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Publication numberUS20090153866 A1
Publication typeApplication
Application numberUS 10/582,805
PCT numberPCT/JP2006/009222
Publication dateJun 18, 2009
Filing dateApr 27, 2006
Priority dateApr 28, 2005
Also published asCA2606182A1, CA2606182C, US8004685, US8638442, US20110263458, WO2006118337A1
Publication number10582805, 582805, PCT/2006/9222, PCT/JP/2006/009222, PCT/JP/2006/09222, PCT/JP/6/009222, PCT/JP/6/09222, PCT/JP2006/009222, PCT/JP2006/09222, PCT/JP2006009222, PCT/JP200609222, PCT/JP6/009222, PCT/JP6/09222, PCT/JP6009222, PCT/JP609222, US 2009/0153866 A1, US 2009/153866 A1, US 20090153866 A1, US 20090153866A1, US 2009153866 A1, US 2009153866A1, US-A1-20090153866, US-A1-2009153866, US2009/0153866A1, US2009/153866A1, US20090153866 A1, US20090153866A1, US2009153866 A1, US2009153866A1
InventorsJunta Yamamichi, Tetsunori Ojima, Hidenori Shiotsuka
Original AssigneeJunta Yamamichi, Tetsunori Ojima, Hidenori Shiotsuka
Export CitationBiBTeX, EndNote, RefMan
External Links: USPTO, USPTO Assignment, Espacenet
Substrate of target substance detection element to be used in apparatus for detecting target substance by utilizing surface plasmon resonance and detection element and detection apparatus
US 20090153866 A1
Abstract
A substrate of a target substance detection element to be used for a detection apparatus for detecting a target substance, utilizing surface plasmon resonance, comprises a base and a metal structure arranged on the surface of the base in a localized manner or a metal film having an aperture and arranged on the surface of the base, the metal structure or the aperture, whichever appropriate, having at least either of a loop section and a crossing section.
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Claims(21)
1. A substrate of a target substance detection element to be used for a detection apparatus for detecting a target substance, utilizing surface plasmon resonance, comprising:
a base; and
a metal structure arranged on a surface of the base in a localized manner, said metal structure having at least either of a loop section and a crossing section.
2. The substrate according to claim 1, wherein said metal structure has a largest length between two edges that is found within a range not smaller than 10 nm and not greater than 1,450 nm.
3. The substrate according to claim 2, wherein the largest length between two edges is found within a range not smaller than 50 nm and not greater than 450 nm.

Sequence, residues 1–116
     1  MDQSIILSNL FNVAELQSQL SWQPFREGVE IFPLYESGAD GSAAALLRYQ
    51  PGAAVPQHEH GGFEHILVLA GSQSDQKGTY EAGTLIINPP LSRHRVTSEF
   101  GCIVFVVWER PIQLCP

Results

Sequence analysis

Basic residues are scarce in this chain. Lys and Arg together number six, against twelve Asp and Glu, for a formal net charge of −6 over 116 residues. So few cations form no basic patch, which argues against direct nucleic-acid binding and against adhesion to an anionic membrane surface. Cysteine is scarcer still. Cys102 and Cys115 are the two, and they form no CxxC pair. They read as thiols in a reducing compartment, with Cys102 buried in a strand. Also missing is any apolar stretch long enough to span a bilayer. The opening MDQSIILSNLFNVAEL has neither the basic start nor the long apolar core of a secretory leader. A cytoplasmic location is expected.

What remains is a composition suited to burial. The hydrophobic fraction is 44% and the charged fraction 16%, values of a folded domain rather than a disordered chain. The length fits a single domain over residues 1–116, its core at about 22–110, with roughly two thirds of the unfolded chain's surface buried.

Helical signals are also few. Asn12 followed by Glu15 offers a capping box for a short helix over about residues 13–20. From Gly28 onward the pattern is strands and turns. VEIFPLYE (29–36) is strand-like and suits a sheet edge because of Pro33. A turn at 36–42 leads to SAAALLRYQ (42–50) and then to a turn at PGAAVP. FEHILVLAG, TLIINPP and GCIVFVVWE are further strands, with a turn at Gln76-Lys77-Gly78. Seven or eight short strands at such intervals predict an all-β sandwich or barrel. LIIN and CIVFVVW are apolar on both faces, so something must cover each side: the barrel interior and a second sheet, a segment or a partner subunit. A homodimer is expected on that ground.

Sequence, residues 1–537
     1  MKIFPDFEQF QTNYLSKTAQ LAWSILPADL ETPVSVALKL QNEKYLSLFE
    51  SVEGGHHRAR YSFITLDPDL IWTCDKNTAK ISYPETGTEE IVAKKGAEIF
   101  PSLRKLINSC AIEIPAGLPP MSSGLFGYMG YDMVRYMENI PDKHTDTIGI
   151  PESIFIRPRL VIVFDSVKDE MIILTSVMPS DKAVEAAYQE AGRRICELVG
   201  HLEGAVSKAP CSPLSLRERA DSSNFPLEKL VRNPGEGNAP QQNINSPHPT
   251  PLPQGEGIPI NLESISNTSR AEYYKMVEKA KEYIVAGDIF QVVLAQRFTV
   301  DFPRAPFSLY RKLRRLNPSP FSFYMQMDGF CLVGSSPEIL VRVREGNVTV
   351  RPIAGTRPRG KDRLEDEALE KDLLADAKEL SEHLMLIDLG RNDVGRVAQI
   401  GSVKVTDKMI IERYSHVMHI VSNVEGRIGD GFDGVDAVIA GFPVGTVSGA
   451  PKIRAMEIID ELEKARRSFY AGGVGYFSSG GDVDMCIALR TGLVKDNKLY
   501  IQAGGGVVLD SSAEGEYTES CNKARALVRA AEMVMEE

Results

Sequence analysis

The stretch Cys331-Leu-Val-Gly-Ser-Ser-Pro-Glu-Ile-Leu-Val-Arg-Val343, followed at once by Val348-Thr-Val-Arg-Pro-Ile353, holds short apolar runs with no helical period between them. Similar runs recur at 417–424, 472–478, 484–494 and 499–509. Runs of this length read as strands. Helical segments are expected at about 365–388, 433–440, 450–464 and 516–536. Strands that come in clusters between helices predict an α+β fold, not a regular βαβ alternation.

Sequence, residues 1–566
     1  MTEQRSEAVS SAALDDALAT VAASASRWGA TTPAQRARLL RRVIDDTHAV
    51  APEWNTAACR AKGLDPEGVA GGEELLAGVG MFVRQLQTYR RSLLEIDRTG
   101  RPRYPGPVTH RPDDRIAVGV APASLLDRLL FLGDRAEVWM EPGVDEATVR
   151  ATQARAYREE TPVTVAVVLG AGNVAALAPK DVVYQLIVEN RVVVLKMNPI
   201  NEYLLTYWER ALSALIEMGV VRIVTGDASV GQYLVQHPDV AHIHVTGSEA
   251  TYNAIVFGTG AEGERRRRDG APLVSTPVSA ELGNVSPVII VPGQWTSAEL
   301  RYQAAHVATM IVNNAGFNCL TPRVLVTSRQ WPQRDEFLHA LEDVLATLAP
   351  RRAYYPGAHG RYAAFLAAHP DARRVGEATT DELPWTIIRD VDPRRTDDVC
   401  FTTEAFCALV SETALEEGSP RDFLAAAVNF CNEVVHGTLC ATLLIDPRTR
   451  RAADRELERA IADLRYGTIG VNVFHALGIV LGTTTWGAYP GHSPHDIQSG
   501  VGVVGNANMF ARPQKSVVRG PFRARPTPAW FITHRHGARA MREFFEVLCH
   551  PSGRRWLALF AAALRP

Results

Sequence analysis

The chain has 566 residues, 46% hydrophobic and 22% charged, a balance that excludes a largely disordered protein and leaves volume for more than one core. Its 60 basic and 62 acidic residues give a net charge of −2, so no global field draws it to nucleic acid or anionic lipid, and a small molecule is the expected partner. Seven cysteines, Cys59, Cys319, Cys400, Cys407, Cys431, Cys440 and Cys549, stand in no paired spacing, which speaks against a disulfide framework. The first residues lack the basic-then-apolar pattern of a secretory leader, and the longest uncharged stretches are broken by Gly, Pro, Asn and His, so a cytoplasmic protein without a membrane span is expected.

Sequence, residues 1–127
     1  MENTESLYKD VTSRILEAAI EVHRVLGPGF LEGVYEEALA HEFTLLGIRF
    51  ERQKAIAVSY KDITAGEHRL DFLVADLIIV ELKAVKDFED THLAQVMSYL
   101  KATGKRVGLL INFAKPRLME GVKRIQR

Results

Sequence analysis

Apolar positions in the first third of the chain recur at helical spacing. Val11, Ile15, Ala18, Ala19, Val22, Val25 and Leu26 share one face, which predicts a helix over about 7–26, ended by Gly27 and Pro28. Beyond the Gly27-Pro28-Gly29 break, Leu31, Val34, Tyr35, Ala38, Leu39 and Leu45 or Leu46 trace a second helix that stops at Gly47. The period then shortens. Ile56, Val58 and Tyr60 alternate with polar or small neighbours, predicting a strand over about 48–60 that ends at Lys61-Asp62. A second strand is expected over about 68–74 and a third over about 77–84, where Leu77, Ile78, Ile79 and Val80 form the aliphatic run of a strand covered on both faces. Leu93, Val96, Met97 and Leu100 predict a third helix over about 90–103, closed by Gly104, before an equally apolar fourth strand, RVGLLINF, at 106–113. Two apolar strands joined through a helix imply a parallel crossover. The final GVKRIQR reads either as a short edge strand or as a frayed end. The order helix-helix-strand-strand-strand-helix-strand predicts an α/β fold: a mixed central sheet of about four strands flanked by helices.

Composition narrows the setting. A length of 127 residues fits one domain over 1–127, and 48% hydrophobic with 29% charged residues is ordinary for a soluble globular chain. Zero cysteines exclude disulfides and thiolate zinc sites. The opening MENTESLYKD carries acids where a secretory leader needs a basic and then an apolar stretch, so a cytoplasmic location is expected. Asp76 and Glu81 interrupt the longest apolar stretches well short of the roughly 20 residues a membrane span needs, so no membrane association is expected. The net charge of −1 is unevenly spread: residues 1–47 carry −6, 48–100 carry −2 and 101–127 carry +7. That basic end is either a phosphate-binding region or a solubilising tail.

4. The substrate according to claim 1, wherein it comprises a plurality of metal structures that are spaced apart from each other.
5. The substrate according to claim 4, wherein any two adjacently located metal structures are separated by a distance that is found within a range not smaller than 50 nm and not greater than 2,000 nm.
6. The substrate according to claim 5, wherein the distance separating any two adjacently located metal structures is found within a range not smaller than 150 nm and not greater than 1,000 nm.
7. The substrate according to claim 1, wherein said metal structure is made of a metal selected from gold, silver, copper and aluminum or an alloy of any of them.
8. The substrate according to claim 1, wherein said base is optically transparent.
9. A substrate of a target substance detection element to be used for a detection apparatus for detecting a target substance, utilizing surface plasmon resonance, comprising:
a base; and
a metal film having an aperture and arranged on a surface of the base, said aperture having at least either of a loop section and a crossing section.
10. The substrate according to claim 9, wherein it comprises a plurality of apertures that are spaced apart from each other.
11. The substrate according to claim 10, wherein any two adjacently located apertures are separated by a distance that is found within a range not smaller than 50 nm and not greater than 2,000 nm.
12. The substrate according to claim 11, wherein the distance separating any two adjacently located apertures is found within a range not smaller than 150 nm and not greater than 1,000 nm.